Now we know Bernardo Sauceda Sr. was born about 1864 in Mexico and died July 5, 1935, in Burleson County, Texas.  The census says both he and Francisca immigrated to the United States in 1900, though I have not seen immigration records for them thus far.  The Texas immigration records start in 1903 or something like that on FamilySearch.  They were married in Zapata County, Texas February 2, 1900, so I’m not sure if the arrival year is correct for either of them.

Genealogy, Immigration

Maria Rangel Juarez Partida

Maria Rangel, my father’s maternal grandmother, was born in Texas in 1924.  At some point, she married and had a family with Benito Juarez, then moved to Arizona between 1954-1956.  Maria Rangel divorced Benito Juarez in 1964 and married Federico Partida.  She died in Phoenix in 1982 but was living in Coolidge, Arizona at the time.

maria-rangel-juarez-divorce-oct1964
Maria Rangel divorces Benito Juarez in October 1964, Pinal County, Arizona.

I was able to order her death certificate and am so glad I did because ith showed her parents were Hipolito Rangel and Estefana de la Cruz.  I was also able to find a record of their entry into the United States in 1910.  The manifest lists just about all of the people entering as living in Monterrey, but (#20) Hipolito and (#21) Estefana listed their closest relative as being Hipolito’s sister Santos Rangel as living in Matehuala, San Luis Potosí, Mexico.

maria-rangel-death-certificate
Maria Rangel’s death certificate showing her parents, Hipolito Rangel and Estefana de la Cruz, 1982.
hipolito-rangel-estefana-de-la-cruz-border-crossing-1910
Maria Rangel’s parents, Hipolito Rangel (#20) and Estefana de la Cruz (#21) entering Hildalgo, Texas from Mexico in 1910. Santos Rangel is listed as Hipolito’s sister living in Matehuala, San Luis Potosí, Mexico.
Genealogy, Immigration

Bernardo Sauceda and Francisca Garza

Francisca Garza’s obituary from 1955 mentions her living children:

  •  Jose Garza Sauceda, Phoenix
  • Cruz Garza Sauceda, Phoenix
  • Benny Garza Sauceda, Phoenix (my maternal grandfather)
  • Paul Garza Sauceda, Phoenix
  • Felipe Garza Sauceda, Bryan, Brazos County, Texas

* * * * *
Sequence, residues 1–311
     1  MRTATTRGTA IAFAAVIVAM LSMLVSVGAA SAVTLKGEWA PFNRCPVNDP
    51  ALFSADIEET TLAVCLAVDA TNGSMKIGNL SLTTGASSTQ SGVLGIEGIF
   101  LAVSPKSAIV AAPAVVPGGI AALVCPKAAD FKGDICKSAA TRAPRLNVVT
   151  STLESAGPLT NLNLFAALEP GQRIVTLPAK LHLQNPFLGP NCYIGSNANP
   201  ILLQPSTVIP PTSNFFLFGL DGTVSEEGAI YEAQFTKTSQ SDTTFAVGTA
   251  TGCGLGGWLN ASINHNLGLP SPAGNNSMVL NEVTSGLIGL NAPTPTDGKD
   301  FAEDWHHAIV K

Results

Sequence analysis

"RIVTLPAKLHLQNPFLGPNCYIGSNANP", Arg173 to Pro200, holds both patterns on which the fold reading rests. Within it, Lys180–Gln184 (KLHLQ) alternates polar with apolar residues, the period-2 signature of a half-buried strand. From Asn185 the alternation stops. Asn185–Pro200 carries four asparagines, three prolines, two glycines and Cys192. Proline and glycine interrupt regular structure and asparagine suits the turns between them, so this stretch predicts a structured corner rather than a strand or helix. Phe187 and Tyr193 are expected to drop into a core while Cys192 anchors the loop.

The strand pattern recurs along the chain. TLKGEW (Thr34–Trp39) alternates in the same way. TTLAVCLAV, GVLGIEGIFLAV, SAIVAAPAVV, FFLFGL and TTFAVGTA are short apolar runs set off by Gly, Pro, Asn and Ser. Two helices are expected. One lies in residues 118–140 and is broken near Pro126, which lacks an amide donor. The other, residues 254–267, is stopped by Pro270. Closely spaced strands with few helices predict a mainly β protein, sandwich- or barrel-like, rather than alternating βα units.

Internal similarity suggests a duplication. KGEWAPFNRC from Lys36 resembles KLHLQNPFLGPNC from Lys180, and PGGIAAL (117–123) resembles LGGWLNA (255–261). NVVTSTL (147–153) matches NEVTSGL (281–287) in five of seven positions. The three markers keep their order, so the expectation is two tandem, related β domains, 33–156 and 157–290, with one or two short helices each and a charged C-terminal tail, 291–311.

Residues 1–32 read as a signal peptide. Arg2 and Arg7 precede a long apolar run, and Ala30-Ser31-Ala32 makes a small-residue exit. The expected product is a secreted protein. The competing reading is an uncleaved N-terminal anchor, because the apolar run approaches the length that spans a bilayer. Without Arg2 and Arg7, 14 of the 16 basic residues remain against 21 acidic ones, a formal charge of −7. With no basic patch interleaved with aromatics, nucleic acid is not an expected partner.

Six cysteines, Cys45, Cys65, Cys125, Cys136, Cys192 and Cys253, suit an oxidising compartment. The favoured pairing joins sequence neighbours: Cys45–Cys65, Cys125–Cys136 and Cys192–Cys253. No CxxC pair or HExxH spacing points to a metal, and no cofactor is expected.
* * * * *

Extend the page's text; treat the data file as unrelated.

• Segro? [I think this is supposed to be Ysidro Garza Sauceda], Houston, Texas
  • Manuela Bernal [née Manuela Garza Sauceda], Bryan, Brazos County, Texas

We know that Francisca was born in Nuevo Laredo, Tamaulipas, Mexico and eventually ended up in Texas, we’re just not sure when.  Tracing her children I was able to see the different places she lived in Texas.  Her son Felipe was born in San Ysidro, Zapata County, Mexico, Cruz Garza Sauceda was born in Paige, Bastrop County, Texas, and others including grandpa Benny were born in Tyler, Smith County, Texas.

 

Francisca Garza MX to TX map
Francisca Garza Sauceda’s trek from her birthplace in Tamaulipas, Mexico to Tyler, Texas.  She died in Phoenix, Arizona October 29, 1955.

 

Using the children’s birth years and locations I was able to find Bernardo Sauceda and Francisca Garza’s record of marriage in 1900 in Zapata County, Texas.

 

DSC01879
Bernardo Sauceda and Francisca Garza were married February 2, 1900 in Zapata County, Texas [microfilm, FamilySearch]

 

 

Immigration

Not entirely genealogy-related

DSC01071

Monument to the Soviet Army in Borisova Gradina, Sofia, Bulgaria

DSC01502
Monument of Liberty in Freedom Square, Ruse, Bulgaria

We recently went to Bulgaria to complete my husband’s immigration journey.  I am happy to report he is now a lawful permanent resident.  Going to Bulgaria to complete the process also gave him the opportunity to see family he hadn’t seen in  22 years.  Both of his grandmothers are still alive so we went to see them but unfortunately his paternal grandfather passed away last year.  The other grandfather passed away some time ago.  It was a bittersweet experience, mostly sweet.  We are happy to be home and feel a burden has been lifted from us.